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Third DCA affirms trial court's summary judgment for defendant in premises liability case based on lack of evidence that defendant knew about liquid substance on entranceway floor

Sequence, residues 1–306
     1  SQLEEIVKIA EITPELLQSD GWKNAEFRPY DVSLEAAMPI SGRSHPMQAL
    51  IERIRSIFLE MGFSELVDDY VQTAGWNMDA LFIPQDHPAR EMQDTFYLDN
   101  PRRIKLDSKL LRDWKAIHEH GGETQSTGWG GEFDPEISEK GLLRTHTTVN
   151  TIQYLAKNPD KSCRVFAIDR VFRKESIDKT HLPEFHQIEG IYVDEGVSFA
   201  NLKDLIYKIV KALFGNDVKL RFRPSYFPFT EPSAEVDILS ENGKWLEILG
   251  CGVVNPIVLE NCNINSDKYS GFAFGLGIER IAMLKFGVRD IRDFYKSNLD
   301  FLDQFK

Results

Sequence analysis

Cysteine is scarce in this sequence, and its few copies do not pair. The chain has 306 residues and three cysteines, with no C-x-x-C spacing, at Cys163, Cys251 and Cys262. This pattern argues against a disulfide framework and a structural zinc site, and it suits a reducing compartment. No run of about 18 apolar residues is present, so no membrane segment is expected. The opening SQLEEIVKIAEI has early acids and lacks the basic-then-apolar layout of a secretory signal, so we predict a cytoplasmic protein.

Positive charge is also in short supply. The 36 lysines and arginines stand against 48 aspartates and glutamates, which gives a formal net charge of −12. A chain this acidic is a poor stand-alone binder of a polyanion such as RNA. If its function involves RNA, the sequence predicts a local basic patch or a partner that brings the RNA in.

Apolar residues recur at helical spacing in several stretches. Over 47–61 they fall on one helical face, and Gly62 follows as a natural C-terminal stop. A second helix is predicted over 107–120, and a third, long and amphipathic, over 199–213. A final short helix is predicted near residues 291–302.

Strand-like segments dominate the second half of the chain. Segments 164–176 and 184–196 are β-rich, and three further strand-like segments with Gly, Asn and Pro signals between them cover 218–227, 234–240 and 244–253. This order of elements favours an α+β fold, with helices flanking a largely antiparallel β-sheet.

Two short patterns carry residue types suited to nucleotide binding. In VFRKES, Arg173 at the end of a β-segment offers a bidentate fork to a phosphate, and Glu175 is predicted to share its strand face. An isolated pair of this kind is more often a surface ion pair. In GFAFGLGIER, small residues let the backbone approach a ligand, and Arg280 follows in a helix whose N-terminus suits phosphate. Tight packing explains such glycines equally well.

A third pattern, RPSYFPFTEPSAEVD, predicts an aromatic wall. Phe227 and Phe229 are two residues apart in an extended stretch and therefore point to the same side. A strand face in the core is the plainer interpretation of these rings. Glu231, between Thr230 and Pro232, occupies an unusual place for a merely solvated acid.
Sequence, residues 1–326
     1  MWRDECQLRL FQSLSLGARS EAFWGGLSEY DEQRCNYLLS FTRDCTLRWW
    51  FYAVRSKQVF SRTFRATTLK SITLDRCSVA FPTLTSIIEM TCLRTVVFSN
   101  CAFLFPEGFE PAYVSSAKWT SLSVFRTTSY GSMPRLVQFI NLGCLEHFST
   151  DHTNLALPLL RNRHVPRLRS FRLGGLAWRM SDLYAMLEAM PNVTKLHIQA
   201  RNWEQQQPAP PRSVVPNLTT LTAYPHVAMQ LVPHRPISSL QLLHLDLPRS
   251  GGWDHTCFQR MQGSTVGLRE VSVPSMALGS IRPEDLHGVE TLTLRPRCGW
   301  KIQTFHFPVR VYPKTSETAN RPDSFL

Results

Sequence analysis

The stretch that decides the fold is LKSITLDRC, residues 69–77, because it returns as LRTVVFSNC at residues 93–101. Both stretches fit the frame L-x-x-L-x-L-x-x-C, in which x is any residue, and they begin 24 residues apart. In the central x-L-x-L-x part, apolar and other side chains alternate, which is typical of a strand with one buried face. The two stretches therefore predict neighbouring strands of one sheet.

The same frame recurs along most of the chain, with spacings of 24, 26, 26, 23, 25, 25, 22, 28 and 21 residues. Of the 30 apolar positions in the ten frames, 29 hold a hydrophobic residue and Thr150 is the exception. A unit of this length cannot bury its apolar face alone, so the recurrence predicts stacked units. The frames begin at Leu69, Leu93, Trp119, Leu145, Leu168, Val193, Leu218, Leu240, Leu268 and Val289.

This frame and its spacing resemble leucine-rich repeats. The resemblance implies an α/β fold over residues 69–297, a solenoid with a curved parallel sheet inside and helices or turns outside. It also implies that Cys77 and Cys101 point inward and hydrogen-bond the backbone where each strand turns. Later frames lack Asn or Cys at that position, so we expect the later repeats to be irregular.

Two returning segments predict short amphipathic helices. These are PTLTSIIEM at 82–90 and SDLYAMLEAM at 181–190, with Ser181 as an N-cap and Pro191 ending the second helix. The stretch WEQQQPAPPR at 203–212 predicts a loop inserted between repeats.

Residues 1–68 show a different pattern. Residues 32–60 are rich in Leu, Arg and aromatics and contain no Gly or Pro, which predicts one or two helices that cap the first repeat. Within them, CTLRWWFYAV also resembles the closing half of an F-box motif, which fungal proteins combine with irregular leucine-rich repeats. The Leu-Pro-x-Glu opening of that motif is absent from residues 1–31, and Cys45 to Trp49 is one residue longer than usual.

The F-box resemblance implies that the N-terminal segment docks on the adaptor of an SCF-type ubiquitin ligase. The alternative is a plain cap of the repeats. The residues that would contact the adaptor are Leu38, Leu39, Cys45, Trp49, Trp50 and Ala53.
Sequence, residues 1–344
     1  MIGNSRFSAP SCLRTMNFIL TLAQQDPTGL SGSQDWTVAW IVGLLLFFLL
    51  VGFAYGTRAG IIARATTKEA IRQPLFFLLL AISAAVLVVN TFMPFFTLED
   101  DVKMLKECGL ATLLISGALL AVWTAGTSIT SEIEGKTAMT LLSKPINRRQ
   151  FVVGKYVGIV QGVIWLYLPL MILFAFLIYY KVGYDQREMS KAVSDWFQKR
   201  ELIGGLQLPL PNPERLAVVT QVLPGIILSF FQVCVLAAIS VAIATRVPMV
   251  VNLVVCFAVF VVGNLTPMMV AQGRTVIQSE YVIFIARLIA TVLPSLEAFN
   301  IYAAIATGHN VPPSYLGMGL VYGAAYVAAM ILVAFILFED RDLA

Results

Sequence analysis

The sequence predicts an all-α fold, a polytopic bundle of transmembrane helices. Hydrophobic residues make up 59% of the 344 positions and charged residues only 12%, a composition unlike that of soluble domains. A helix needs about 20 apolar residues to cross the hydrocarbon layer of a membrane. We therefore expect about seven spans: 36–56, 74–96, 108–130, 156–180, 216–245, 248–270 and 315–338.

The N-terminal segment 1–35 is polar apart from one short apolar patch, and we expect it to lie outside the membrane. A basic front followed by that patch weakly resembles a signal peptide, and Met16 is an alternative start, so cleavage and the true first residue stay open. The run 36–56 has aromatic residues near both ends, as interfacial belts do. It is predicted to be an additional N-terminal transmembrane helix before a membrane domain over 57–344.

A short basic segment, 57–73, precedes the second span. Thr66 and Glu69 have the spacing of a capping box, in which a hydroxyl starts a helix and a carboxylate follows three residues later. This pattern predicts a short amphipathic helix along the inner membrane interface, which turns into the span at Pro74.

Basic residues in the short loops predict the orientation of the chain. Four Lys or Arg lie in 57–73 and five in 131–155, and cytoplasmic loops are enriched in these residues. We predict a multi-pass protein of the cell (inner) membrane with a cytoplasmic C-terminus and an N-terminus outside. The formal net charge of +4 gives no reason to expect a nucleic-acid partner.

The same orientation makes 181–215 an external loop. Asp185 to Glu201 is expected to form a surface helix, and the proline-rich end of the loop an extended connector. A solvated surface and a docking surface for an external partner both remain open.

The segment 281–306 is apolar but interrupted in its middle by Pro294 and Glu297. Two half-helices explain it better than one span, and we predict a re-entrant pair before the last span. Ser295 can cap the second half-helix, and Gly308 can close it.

On December 13, 2017, in Lago v. Costco, No. 3D16-1899, the Florida Third DCA affirmed a trial court’s summary judgment for the defendant in a premises liability case involving a plaintiff’s slip and fall on an alleged liquid substance on the entranceway floor to the defendant’s store. Section 768.0755, Florida Statutes, provides that if a person slips and falls on a transitory foreign substance in a business establishment, the injured person must prove that the business establishment had actual or constructive knowledge of the dangerous condition and should have taken action to remedy it. Constructive knowledge may be proven by circumstantial evidence that (a) the dangerous condition existed for such a length of time that in the exercise of ordinary care, the business establishment should have known of the condition; or (b) the condition occurred with regularity and was therefore foreseeable. The Florida Third DCA noted that the plaintiff did not see any of the defendant’s employees around the liquid or by the entrance before or when she fell, and she had no idea how long the substance had been there.